Artist Spotlight: Nick Kosack
Nick Kosack is currently one of our September Featured Artists. NCC is proud of ceramics as a material, a process, and a community, but it is particularly joyful when we have the opportunity to share regional talent through our global stage. The heart of Nick’s practice is giving life to his ceramic objects. When he was younger, he had the opportunity to see unfinished statues carved by Michelangelo in Florence. “The figures seemed to me to be pulling themselves out of the stone blocks, being liberated rather than formed by the artist.” He does his part to bring a similar spirit to unformed clay by enlivening the textures and qualities of the material itself. He takes particular delight in highlighting properties not traditionally associated with the 'element' of earth. Learn more through our conversation with Nick.
NCC: Tell us about your work.
NK: I primarily create non-functional sculptural vessels which are finished in a saggar firing. The atmospheric nature of saggar firing paired with organic forms and surfaces attempt to invoke an object that has been formed by natural processes.
NCC: Where do you make your work?
NK: I work out of Fired Up Studios, located in Golden Valley, MN.
NCC: How long have you been making?
NK: I first began working with ceramics in college but had a hard time keeping up a practice after graduation. For 10 or so years, I managed to throw intermittently with a wheel at home but was unable to achieve much without regular access to a kiln. It wasn’t until 3 years ago (2015) that I became serious about my practice and decided to commit myself to making work.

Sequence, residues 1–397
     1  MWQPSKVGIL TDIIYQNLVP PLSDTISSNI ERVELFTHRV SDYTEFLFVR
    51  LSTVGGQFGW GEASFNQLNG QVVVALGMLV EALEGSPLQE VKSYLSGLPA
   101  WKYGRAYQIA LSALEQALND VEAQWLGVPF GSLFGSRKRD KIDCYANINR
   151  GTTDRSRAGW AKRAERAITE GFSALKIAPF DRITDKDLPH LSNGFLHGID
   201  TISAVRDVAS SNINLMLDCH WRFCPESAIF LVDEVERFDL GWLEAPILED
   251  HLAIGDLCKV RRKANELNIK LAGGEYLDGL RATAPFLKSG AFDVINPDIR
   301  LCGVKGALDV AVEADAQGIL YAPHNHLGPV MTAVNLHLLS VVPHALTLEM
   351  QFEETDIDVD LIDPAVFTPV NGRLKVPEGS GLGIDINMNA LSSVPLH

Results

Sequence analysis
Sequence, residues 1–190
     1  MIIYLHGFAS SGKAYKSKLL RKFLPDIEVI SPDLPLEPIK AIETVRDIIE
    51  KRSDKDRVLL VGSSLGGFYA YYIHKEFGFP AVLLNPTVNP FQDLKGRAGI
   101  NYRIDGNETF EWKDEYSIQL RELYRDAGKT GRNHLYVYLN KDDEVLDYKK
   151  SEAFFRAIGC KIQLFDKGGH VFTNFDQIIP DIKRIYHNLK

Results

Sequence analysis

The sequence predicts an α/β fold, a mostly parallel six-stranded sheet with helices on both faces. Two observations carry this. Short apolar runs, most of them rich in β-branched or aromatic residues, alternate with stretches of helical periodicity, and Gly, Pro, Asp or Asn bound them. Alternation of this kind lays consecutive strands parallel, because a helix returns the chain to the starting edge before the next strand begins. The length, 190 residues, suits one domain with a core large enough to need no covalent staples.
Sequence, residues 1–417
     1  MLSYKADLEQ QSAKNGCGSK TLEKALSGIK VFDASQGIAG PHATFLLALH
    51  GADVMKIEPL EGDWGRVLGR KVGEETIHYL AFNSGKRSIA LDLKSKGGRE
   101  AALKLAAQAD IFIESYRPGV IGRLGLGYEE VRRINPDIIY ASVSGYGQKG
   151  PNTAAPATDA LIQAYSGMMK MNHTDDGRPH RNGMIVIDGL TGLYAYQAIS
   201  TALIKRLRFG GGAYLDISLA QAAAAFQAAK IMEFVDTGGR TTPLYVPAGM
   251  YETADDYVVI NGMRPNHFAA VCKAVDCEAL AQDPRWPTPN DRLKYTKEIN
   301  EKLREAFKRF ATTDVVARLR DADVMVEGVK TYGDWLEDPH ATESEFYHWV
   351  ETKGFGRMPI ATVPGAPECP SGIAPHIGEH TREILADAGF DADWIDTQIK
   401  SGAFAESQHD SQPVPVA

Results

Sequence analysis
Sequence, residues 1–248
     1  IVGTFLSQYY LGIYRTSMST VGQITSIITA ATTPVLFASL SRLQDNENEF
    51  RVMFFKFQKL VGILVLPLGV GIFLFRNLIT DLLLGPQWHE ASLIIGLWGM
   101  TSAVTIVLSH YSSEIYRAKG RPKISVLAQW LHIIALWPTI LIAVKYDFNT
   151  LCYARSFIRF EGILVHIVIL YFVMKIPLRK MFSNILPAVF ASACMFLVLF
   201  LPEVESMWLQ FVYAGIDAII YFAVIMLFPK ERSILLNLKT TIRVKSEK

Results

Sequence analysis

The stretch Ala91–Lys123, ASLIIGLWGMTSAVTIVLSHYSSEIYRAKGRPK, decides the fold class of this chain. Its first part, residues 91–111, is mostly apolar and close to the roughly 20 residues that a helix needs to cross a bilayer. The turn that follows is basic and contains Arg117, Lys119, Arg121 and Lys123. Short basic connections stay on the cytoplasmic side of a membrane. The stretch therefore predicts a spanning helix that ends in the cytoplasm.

NCC: What did you do before that?
NK: For years, I bounced around a variety of minimum/near minimum wage jobs going through a cycle of spending all my time on the job and not making work, quitting in an attempt to start making work again, running out of money and finding a job, etc. I eventually decided to return to school for a career change in environmental science and maybe return to ceramics in the distant future for retirement. [This meandering path left me with a] B.A. in Studio Art from St Olaf College and substantial coursework towards a B.A. in Environmental Science.
NCC: What else do you do to support your practice fiscally?
NK: I am the Studio Technician for Fired Up Studios.
NCC: What do you love most about making your work?
NK: I love the physicality of making my work. I am a very tactile person and enjoy the feel of the clay and the motion of the wheel. Additionally, I am fascinated by firing and the dynamic of having such a vital stage of the object making process being out of sight and out of reach of the artist.
NCC: What’s the hardest part of your practice?
NK: The hardest part for me is the business of art. I’m not terribly organized and am absolute rubbish at self-promotion. It’s fairly unsexy stuff, but important. In a household where money is tight, making art can feel like a risky investment of time and funds.
NCC: What are your goals for the future of your work?
NK: As far as artistic goals, there are a lot of elements that I would like to explore, but lately, I have been thinking about ways to complicate the vessel form. I would like to play more with compound forms fused together and sculpture that does not sit, but hangs in some way. If we are talking about career goals, financial sustainability and finding a niche where I can grow and make more ambitious work.
NCC: What do you see as your biggest achievement so far?
NK: At this stage of my career, I’d probably say having my work featured at Northern Clay Center!